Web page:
Lords of the Fallen review for PS4, Xbox One, PC

Platform: PS4
Also On: Xbox One, PC
Publisher: City Interactive S.A.
Developer: Deck13 Interactive/CI Games
Medium: Digital/Disc
Players: 1
Online: No

I’m generally not a fan of really hard games. Titles like Dark Souls/Demon Souls, Spelunky, 1001 Spikes? No matter how beloved they may be by lots of people who are far more knowledgeable (and skilled, obviously) than I, I’ve never been able to get into them for the simple reason that they’re just too difficult. It’s totally a matter of preference, of course, but if you give me the choice between tough-as-nails anything or the chance to indulge in a crazy power fantasy (a la God of War), I’ll take the god-like power every time.

I say all this as preamble to writing about Lords of the Fallen because more than a few people have noted the new game’s similarity to Dark/Demon Souls. It, too, has a medieval setting, and it also features knights battling against all kinds of cursed creatures. And, most importantly, it’s hard — not DS-level hard by any stretch, but it still presents players with a bit of a challenge.

Lords of the Fallen-old_monastery_01_s

Based on my first paragraph, you might think I don’t like Lords of the Fallen. And while that’s correct– I’m not really a fan of it — my reasons for disliking it actually have nothing to do with how hard it is. It certainly presents a challenge, but never to an impossible degree; provided you approach things with bit of patience, you’ll find that even the toughest enemies are eventually beatable. Or, to put it another way, you never get the sense that the game is actively trying to kill you at every turn.

So what’s the issue then? Basically, that Lords of the Fallen just isn’t very good. Admittedly, some of this just comes down to my own personal game design preferences not meshing with what the developers wanted to do. Deck13 Interactive/CI Games clearly wanted to give every action a sense of weight, and to that end they made sure that pretty much everything you do — every swing of your weapon, every dodge out of the way, every enemy block, even every swig of health juice — is slow and deliberate, just as it would be if you really were an axe-swinging knight dressed in a full suit of armor.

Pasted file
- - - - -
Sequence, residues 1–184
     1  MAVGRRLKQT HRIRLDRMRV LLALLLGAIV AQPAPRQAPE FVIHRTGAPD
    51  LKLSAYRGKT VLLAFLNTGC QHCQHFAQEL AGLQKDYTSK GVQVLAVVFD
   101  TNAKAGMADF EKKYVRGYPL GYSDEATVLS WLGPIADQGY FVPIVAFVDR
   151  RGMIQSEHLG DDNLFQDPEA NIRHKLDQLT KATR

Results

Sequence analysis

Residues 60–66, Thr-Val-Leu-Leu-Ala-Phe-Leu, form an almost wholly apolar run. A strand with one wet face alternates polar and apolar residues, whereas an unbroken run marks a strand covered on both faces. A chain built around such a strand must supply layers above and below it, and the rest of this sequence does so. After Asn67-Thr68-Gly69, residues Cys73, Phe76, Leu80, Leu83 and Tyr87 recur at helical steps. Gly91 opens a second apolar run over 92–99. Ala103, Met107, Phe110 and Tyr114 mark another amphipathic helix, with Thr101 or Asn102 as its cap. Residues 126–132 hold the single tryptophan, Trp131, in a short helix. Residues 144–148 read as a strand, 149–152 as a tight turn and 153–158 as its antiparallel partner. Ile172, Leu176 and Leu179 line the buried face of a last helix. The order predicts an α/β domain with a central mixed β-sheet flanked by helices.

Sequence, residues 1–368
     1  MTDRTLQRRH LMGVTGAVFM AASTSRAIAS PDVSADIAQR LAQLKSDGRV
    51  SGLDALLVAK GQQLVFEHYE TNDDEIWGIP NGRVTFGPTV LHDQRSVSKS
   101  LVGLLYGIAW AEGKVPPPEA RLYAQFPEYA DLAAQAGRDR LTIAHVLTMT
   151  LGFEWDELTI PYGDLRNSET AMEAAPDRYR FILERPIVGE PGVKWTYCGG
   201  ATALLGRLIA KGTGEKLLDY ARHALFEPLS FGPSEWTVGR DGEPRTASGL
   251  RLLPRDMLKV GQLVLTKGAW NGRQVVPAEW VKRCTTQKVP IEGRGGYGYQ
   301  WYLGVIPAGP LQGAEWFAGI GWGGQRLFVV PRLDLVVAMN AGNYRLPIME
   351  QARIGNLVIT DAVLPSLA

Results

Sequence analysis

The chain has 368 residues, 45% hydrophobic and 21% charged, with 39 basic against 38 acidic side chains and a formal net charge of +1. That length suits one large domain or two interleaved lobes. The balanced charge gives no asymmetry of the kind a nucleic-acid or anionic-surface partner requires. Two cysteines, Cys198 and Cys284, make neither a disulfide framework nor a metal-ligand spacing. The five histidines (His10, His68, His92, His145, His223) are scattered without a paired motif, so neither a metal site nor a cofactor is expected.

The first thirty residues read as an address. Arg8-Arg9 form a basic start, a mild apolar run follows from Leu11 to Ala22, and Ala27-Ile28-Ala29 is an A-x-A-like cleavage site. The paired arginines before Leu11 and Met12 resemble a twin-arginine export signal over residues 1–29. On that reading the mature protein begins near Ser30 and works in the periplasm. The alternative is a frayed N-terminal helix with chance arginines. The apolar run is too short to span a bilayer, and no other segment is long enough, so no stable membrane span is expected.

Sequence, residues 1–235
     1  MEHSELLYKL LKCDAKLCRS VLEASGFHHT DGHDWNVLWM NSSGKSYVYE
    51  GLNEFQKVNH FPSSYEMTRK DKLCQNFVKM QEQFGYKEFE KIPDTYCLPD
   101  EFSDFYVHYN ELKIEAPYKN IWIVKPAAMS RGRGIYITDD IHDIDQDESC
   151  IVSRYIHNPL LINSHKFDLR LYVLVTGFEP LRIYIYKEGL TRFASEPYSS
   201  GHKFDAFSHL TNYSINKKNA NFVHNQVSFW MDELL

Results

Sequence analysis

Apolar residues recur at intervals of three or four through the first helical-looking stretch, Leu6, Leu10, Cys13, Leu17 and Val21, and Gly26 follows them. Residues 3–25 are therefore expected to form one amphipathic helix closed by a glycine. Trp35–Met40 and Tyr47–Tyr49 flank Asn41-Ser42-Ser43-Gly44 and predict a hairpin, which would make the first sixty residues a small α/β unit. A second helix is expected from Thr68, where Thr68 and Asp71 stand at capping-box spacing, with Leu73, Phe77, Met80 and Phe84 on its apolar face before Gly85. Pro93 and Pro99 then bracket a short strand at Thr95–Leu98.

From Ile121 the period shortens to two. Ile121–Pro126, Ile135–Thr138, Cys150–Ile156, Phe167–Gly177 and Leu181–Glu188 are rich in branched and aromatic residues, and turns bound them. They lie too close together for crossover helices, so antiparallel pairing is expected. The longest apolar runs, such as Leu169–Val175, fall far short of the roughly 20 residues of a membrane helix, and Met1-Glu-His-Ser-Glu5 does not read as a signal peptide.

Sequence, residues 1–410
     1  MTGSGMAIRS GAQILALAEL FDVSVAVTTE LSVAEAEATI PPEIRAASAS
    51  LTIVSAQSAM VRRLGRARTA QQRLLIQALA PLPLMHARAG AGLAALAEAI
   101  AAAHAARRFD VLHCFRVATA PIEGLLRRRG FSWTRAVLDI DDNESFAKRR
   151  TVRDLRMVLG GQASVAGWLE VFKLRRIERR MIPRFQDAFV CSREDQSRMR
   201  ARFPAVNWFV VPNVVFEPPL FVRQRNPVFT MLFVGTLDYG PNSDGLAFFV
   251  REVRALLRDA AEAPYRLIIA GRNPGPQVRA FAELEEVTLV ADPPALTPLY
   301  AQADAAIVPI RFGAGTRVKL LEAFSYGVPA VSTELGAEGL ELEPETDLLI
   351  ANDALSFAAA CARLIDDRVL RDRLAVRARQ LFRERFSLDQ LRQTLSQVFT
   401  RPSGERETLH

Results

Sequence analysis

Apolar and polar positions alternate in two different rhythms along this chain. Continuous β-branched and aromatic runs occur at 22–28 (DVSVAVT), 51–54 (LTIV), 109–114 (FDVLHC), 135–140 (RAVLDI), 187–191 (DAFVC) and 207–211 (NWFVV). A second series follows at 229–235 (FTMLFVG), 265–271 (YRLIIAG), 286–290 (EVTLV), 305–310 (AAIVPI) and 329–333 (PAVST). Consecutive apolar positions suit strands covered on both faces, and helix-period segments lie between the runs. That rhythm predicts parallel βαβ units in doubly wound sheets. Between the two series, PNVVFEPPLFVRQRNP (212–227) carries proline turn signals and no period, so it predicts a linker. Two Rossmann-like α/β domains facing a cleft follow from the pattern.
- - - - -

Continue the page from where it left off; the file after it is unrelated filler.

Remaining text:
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The thing is…that’s just not fun. Again, I think I understand what they were going for, but in practice it just feels slow and clunky. Even more than that, it feels like it’s at cross-purposes of forcing players to act deliberately and cautiously. Like, what’s the point of making players wait to pick their spots and engage enemies if the battles just end up being slugfests anyway? You can dodge and block all you want, but you move so slowly and it takes so much out of you you’re better off just whacking away at the demons and hoping your energy fills faster than theirs. Of course, if/when you do take that approach, then you’d better hope that your character can drink down that health mixture quickly — I actually died one time because my character swallowed his medicine (or whatever you want to call it) too slowly.

Of course, if you really want “annoying” and “clunky”, nothing quite matches the camera on those fronts. I honestly can’t remember the last time I felt like I was fighting so hard to get a good view of the action. At first I thought it was just because of constraints associated with being inside an enclosed space, but even after things opened up a little, I still found myself fighting against a camera that didn’t want to stay in a good position.

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As for the rest of Lords of the Fallen, there’s nothing here you haven’t seen before. No matter how cool the Wikipedia plot synopsis may make the game sound, the reality is you’re still just some scruffy, muscle-bound knight fighting demons. You still loot randomly placed crates for coins and other goodies. You still fight enemies that spawn regularly in the same places, to the point that you can make a run through a dungeon killing everything in your way, and then go back to the beginning and do it all over again in exactly the same order. Creative thinking isn’t exactly the game’s strong suit.

Then again, I don’t know what exactly is Lords of the Fallen’s strong suit. It looks nice enough, I suppose, but not to the point where I’d say you must own it just because of the graphics. If you’re looking for something that will help you pass the time in a bland, mostly inoffensive way, then this is the game for you, I guess, but otherwise, don’t bother.

Grade: C+